Jack Box (full name Jack I. Box; or simply known as Jack) is the founder, CEO, and ad spokesman for Jack in the Box.
Jack has the appearance of a typical adult human male, with the exception of his huge round white head, blue dot eyes, black pointy nose (inherited from Nana Box), and a linear red smile. He's most of the time seen wearing his yellow clown cap, and a business suit. According to Jack's California driver's license, he is 6'8" (without the hat) and weighs 195 lbs. Flashback footage of him has revealed that he used to have brown hair. During a 2018 scuffle, Martha Stewart managed to remove his nose. No blood spurted out, and it was easily re-applied, indicating that the nose may have magnetic properties.
Early lifeEditJack was born on May 16 on a cattle ranch in Colorado. He attended Ball State University in in Muncie, Indiana. At one point in high school, he was crushed on by a girl and has an arch-rival named Brock Anderson.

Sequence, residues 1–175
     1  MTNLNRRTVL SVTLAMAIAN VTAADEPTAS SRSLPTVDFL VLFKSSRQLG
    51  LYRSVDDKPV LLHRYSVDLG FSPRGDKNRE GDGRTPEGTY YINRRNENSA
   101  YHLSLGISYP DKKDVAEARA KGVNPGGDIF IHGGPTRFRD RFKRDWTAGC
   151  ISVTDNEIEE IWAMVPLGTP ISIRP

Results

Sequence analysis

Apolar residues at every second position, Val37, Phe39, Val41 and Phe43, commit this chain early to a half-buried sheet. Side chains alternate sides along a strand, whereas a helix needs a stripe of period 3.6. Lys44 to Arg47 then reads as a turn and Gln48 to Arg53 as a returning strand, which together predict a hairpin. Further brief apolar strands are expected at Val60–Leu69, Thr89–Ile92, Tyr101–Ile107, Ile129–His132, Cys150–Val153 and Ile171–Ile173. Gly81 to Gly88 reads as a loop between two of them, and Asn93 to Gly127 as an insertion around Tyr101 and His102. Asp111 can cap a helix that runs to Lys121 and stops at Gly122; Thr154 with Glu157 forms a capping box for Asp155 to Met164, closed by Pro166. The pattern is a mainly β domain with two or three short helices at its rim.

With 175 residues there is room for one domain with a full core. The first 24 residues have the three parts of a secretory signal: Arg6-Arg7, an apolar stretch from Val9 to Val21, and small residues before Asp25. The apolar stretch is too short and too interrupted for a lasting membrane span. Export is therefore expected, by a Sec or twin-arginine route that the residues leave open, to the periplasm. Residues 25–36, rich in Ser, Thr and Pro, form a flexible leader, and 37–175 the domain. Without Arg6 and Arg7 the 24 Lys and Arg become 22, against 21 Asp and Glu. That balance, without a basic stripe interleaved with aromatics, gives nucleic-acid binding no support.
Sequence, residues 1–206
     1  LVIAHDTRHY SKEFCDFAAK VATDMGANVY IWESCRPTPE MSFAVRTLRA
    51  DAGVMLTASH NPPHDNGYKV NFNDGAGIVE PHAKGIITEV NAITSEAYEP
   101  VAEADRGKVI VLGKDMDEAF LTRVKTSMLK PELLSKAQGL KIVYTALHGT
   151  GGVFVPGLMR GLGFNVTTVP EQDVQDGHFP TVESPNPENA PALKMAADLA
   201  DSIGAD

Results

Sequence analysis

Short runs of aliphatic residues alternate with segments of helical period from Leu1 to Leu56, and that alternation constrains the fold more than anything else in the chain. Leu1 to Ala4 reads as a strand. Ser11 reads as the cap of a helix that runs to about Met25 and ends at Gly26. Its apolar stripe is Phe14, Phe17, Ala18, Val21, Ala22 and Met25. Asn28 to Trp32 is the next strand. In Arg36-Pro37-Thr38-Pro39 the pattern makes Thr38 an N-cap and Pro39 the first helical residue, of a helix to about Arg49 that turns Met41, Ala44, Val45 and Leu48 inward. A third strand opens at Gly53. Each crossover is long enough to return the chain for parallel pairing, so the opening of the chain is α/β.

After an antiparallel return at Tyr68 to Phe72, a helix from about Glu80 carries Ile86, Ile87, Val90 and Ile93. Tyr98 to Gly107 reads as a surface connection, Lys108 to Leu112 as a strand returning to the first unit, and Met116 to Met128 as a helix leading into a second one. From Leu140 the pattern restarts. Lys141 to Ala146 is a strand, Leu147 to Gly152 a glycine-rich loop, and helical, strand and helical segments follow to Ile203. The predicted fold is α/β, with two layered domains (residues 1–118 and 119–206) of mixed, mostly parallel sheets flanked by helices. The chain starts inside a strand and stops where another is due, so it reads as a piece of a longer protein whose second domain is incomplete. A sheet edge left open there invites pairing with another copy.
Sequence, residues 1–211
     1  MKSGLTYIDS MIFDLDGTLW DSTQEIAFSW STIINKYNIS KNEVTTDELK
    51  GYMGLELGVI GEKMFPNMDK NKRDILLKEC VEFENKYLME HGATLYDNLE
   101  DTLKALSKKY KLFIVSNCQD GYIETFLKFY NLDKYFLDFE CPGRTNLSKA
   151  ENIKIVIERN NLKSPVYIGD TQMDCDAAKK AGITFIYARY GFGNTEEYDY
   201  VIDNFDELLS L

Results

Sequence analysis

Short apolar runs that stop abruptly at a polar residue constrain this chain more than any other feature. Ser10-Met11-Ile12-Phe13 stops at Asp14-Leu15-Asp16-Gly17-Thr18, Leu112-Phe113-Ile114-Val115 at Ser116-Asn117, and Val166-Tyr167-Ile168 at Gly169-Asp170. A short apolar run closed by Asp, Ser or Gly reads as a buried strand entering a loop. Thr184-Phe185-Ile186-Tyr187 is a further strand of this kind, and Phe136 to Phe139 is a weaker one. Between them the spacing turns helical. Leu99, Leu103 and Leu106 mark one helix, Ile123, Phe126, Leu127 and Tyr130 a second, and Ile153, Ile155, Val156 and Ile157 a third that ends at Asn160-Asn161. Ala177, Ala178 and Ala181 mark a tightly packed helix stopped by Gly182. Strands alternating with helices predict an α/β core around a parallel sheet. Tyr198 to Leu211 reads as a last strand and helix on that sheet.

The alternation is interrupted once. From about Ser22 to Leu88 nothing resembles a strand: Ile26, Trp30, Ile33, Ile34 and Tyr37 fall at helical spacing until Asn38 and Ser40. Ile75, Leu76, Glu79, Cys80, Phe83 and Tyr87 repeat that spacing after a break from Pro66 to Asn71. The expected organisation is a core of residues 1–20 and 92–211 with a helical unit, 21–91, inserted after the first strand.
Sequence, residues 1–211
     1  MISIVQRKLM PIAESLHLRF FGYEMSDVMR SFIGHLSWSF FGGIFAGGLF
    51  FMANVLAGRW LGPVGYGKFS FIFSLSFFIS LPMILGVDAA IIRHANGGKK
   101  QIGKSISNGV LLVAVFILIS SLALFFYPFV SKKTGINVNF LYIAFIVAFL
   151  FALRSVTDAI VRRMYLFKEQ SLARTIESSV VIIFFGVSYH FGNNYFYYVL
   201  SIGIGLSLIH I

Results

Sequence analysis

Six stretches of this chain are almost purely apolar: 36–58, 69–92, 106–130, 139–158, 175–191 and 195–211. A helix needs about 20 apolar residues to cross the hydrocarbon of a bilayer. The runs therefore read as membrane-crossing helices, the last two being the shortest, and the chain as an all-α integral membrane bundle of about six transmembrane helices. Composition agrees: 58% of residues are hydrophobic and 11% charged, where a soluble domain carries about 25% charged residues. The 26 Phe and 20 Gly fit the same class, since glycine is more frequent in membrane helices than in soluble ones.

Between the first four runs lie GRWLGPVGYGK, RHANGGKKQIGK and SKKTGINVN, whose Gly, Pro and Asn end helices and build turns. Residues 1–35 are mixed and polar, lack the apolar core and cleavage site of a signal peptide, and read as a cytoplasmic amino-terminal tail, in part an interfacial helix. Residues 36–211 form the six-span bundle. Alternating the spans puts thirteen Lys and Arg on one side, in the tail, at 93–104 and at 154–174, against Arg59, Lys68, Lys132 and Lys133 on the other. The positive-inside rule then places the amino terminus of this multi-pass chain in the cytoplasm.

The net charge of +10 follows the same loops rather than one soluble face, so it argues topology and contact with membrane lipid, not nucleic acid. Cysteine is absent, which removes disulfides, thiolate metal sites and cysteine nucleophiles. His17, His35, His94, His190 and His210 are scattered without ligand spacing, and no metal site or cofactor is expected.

He had dreams to become an astronaut and even passed all the tests.
Jack in the BoxEdit
Jack later moved to California, where he founded Jack in the Box (presumably in 1951 to match the real-world founding, but it is unknown whether this is canon). He took orders from atop drive-thru speaker boxes.
He was fired (literally) by the company's board of directors in 1980. He nevertheless recuperated from his injuries and underwent plastic surgery.
In 1995, he regained his position as the "rightful head" of Jack in the Box. His first act as CEO was to firebomb the company boardroom. It is unknown if any board directors were killed. He made a series of changes to the company's business practices, including spending millions to improve kitchens, and initiating a "we don't make it 'til you order it" policy.
In February 2009, Jack was hit by a bus and ended up in a coma. His second-in-command Phil volunteered to take his place, and planned to change the company name to "Phil in the Box." Upon hearing the news, Jack instantly woke up and began to strangle Phil in anger and then he demanded to have his pants be found since he has work to do.